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Old wine in new bottle? International students still fear impact of Trump’s new travel ban

(File) New York City high school students demonstrate against US President Donald Trump's immigration policies after walking out of classes in lower Manhattan, New York, US, Feb 7, 2017. Pic: Reuters/Mike Segar

US President Donald Trump’s updated travel ban on citizens of certain Muslim-majority countries is doing little to reassure international students, despite being positively received by those critical of the earlier version.

On Monday, Trump signed a revised executive order that now bans citizens of six Muslim-majority countries from entering the United States, without existing valid visas. Compared to the earlier popularly known “Muslim Ban”, those from Iraq, as well as long-term US residents and dual-citizens, will no longer be affected.

But for international students already in the US and those planning to join the country’s schools, the new order still leaves many aspects in the dark, such as its implementation and the fine print of the order, such as the “hardship relief” clause.

According to Dennis Galvan, University of Oregon‘s (UO) vice provost for International Affairs, one unclear area is the degree of discretion given to the US Customs and Border Protection when deciding on a case-to-case basis whether to waive the restriction placed on citizens from the list of banned countries.

Galvan adds that the ban has caused a “chilling effect” on his university’s admissions, as many top students across the globe are avoiding going to university in “what appears to be an isolationist, unwelcoming country”.

“At the end of the day, this is still sending a message to talented people that they aren’t welcome here,” Galvan said to The Register Guard.

For Zoheir Khademian, an Iranian PhD student at the Colorado School of Mines, the ban is taking a toll on his study of earthquakes at the university.

Although the school has been “really supportive” by talking to him, Zoheir is worried about the ban’s effect on his wife who is now in Iran, but who has applied for a visa to join him in the US. With the ban in place, her application is now in limbo.

“It’s been eight months, I couldn’t focus on what I’m doing. And I’ve done my best to do what I’m supposed to do but it’s not easy to focus at this point. I asked her to come here so we can build our lives in a better environment in terms of academia, in terms of scientific environment. I owe her. It’s not fair to leave her alone over there and I’m here,” Zoheir told CBS Local.

(File) A protester holds a sign as during a protest by New York City students against Trump in Lower Manhattan, New York, US, Feb 7, 2017. Pic: Reuters/Mike Segar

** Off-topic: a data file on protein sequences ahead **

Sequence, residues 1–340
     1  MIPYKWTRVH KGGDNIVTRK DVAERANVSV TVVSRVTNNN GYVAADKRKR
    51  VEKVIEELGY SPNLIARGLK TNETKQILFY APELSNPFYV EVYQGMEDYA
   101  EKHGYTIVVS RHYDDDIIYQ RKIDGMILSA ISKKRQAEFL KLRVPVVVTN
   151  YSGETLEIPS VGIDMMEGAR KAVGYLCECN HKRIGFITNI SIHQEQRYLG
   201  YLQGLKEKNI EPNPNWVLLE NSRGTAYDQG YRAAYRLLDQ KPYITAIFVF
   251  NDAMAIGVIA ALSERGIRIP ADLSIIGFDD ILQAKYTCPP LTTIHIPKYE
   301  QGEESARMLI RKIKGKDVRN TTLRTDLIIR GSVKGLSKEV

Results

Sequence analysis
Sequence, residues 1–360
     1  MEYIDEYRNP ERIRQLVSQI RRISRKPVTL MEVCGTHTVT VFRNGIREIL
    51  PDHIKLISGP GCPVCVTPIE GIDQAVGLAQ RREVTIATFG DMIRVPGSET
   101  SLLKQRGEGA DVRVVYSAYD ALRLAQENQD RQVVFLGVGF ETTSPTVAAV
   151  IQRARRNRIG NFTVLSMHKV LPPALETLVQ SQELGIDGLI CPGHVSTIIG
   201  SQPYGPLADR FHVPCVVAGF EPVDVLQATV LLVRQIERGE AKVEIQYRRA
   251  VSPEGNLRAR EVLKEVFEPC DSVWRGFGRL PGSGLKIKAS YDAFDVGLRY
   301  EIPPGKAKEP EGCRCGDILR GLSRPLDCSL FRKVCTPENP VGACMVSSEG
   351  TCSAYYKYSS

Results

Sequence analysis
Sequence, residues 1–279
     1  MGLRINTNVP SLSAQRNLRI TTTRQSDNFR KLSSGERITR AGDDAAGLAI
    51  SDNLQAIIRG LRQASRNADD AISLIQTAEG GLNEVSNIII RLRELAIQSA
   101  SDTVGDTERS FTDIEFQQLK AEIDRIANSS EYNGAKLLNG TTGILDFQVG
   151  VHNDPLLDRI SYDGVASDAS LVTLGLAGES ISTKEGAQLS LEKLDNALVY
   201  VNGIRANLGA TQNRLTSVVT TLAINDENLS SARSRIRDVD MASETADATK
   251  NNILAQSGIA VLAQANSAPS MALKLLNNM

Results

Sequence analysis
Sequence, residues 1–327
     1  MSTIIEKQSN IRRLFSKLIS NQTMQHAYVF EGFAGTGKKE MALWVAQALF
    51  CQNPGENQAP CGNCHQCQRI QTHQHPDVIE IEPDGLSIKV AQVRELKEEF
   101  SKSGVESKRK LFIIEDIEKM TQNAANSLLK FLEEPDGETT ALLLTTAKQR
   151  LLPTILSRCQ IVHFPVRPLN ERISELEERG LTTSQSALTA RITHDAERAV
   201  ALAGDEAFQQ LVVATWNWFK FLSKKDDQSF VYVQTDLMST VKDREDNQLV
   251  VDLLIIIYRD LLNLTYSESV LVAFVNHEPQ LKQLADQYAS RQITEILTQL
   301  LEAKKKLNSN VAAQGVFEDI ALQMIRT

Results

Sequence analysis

Under the new ban, applicants from the list of banned countries such as Zoheir’s wife, may be considered for a waiver of the travel restriction if they fall into one of nine specific examples of circumstances provided. One of the situations listed is if “the denial of entry during the suspension period would cause undue hardship”.

Zoheir laments the lack of further details on this clause, saying: “Is there any logical way to show this is hardship? It’s not clear what hardship means.”

“I don’t want to live in an unknown situation. Just tell me she’s going to come in four months, in eight months, nine months, give me a number,” he said.

‘Un-American’

Another student unhappy with the ban, revised or otherwise, is Michael Deldjoubar, a senior is Salisbury University whose family hails from Iran. Michael’s Italian-born cousin now has trouble getting a visa to the US since Trump has taken office.

“She’s more Italian than anything, yet she was trying to get a visa and it was proving very difficult for her to come from Italy because she had been to Iran like three of four years ago,” Michael told WMDT.com.

Michael’s schoolmate Maya Tariq, whose father is from Pakistan, pointed out that immigrants like her father come to the US for a better life. Speaking to WMDT.com, Maya called the travel ban “un-American”, a term echoed by other students who were with her.

“Other countries in the Middle East are not as free as America is, so he just came over here to practice his freedom of speech and freedom of religion,” Maya said.

Zoheir echoed Maya’s sentiments, saying he and other international students were in the US to contribute and not to pose security threats.

“We are not dangerous. We are assets. Concentrating on research is not easy when you have such a thing in your mind,” Zoheir said.

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